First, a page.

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What happens to course evaluations when a professor is really, really good looking?

Are the evaluations more favorable? And if so, how big is the difference when compared to a not-so-attractive professor?

Linear regression is a neat little tool that can help us figure this out. (Don’t worry – it’s not nearly as complicated as it sounds.) And, given that student evaluations can help determine a professor’s pay, this exercise has important real-world implications.

How do we go about testing whether looks have an impact on course evaluations? If we take two professors – one who’s unattractive and one who’s gorgeous – we can start our test. We’ll need two variables for each professor: an average “beauty score” and average evaluation score.

Using a scatterplot, we can draw a straight line through the data points (our linear regression) to visualize the relationship between our two variables.

In this video, we use data from a real study to examine this relationship. So how closely correlated are these two variables? You’ll have to watch to find out!

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**Transcript**

Hi! In the upcoming series of videos, we're going to give you a shiny new tool to put into your Understanding Data toolbox: linear regression.

Say you've got this theory. You've witnessed how good-looking people seem to get special perks. You're wondering, "Where else might we see this phenomenon?" What about for professors? Is it possible good-looking professors might get special perks too? Is it possible students treat them better by showering them with better student evaluations? If so, is the effect of looks on evaluations really big or really small? And say there is a new professor starting at a university.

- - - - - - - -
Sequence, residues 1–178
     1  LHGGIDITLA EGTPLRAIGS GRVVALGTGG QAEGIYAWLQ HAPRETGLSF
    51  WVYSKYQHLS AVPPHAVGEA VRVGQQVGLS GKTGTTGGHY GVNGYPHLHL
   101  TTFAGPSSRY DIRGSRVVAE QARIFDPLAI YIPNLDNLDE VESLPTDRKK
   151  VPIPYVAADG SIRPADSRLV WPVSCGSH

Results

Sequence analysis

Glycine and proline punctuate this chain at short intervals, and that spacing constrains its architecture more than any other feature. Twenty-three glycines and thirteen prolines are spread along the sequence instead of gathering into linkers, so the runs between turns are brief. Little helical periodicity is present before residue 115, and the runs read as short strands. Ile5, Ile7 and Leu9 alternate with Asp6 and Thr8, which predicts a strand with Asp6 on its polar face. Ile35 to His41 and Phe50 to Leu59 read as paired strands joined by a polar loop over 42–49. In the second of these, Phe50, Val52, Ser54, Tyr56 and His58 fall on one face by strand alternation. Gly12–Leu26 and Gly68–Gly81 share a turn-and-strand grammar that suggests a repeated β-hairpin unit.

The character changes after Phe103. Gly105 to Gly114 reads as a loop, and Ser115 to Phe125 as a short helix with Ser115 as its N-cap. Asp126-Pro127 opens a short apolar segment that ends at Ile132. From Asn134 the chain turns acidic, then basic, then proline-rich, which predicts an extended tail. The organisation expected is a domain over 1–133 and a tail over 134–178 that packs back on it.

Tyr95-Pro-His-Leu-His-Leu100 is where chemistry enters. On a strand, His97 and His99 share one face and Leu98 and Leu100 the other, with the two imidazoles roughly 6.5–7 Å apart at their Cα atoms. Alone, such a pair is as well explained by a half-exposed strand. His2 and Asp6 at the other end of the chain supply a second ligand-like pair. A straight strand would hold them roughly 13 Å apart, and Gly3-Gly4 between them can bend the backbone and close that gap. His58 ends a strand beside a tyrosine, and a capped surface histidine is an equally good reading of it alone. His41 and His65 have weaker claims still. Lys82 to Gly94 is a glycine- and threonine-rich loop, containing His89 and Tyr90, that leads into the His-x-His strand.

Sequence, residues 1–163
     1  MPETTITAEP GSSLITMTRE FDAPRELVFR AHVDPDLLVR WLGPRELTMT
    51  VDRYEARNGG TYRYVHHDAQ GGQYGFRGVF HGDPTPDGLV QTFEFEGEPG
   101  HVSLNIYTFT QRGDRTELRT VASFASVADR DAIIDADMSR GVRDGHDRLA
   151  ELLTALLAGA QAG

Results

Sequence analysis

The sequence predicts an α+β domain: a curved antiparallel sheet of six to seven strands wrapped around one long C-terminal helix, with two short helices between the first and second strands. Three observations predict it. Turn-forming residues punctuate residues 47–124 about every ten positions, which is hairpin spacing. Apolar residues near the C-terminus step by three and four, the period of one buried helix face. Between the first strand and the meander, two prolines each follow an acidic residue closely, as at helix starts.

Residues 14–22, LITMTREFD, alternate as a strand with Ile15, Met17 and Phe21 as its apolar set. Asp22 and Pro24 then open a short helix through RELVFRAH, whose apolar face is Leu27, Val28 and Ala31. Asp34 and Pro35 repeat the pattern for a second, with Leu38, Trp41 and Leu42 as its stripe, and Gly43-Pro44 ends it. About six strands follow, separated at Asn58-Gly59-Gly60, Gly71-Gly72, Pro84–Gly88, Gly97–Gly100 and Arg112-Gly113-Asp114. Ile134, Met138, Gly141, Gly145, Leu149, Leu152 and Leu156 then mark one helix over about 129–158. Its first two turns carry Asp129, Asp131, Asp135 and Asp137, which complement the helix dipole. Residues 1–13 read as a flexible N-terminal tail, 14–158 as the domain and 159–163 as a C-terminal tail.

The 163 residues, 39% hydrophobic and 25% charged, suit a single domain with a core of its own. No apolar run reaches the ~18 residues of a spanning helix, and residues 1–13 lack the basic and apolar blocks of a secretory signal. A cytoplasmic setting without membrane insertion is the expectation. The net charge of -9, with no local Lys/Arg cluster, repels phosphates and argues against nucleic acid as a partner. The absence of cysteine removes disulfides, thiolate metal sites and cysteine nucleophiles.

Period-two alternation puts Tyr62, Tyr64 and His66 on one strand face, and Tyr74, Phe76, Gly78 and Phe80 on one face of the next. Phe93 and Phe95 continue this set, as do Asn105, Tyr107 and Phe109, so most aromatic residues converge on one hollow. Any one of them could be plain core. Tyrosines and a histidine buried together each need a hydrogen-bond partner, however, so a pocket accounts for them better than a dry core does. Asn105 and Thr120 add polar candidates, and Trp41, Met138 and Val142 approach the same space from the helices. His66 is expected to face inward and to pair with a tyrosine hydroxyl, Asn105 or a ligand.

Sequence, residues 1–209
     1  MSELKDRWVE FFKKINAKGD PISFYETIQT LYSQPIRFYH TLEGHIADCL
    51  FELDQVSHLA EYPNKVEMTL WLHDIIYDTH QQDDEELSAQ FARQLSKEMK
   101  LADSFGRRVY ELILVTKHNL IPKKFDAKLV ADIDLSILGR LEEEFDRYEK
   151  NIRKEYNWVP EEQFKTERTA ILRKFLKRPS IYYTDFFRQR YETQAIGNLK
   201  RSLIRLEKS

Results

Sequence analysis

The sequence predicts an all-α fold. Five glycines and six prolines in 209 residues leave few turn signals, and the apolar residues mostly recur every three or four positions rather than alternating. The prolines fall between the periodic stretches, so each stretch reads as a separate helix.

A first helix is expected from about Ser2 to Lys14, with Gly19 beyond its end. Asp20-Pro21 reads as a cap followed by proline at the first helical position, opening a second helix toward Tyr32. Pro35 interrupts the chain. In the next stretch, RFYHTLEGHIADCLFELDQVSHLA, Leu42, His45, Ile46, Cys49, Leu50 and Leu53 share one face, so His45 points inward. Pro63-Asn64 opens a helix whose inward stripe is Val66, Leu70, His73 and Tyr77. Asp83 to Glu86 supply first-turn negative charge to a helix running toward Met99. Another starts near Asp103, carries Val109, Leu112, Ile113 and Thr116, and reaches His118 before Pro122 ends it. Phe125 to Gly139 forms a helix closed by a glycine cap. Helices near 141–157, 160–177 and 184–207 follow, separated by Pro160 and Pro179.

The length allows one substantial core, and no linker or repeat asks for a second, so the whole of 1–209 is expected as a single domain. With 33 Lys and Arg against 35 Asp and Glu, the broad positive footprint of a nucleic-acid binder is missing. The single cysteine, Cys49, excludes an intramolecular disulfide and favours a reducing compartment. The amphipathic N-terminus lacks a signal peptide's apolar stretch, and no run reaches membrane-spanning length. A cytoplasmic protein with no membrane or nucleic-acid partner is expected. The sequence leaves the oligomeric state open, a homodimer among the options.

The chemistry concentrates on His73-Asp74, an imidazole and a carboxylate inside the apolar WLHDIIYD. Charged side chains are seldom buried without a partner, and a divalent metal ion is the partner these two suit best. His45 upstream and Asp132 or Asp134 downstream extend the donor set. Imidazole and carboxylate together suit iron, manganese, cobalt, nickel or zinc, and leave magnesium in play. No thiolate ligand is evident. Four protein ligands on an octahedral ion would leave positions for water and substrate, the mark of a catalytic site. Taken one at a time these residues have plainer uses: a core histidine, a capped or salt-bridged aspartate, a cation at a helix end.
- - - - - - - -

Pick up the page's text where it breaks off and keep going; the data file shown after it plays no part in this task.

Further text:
- [Lloyd Christmas] G'day, mate.

What can we predict about his evaluation simply by his looks? Given that these evaluations can determine pay raises, if this theory were true, we might see professors resort to some surprising tactics to boost their scores.

- [Lloyd Christmas] Yeah!

Suppose you wanted to find out if evaluations really improve with better looks. How would you go about testing this hypothesis? You could collect data. First you would have students rate on a scale from 1 to 10 how good-looking a professor was, which gives you an average beauty score. Then you could retrieve the teacher's teaching evaluations from twenty-five students. Let's look at these two variables at the same time by using a scatterplot.

We'll put beauty on the horizontal axis, and teacher evaluations on the vertical axis. For example, this dot represents Professor Peate—[Bib Fortuna] De wana wanga.—who received a beauty score of 3 and an evaluation of 8.425. This one way out here is Professor Helmchen—[Ben Stiller, "Zoolander"] Ridiculously good-looking!—who got a very high beauty score, but not such a good evaluation. Can you see a trend? As we move from left to right on the horizontal axis, from the ugly to the gorgeous, we see a trend upwards in evaluation scores.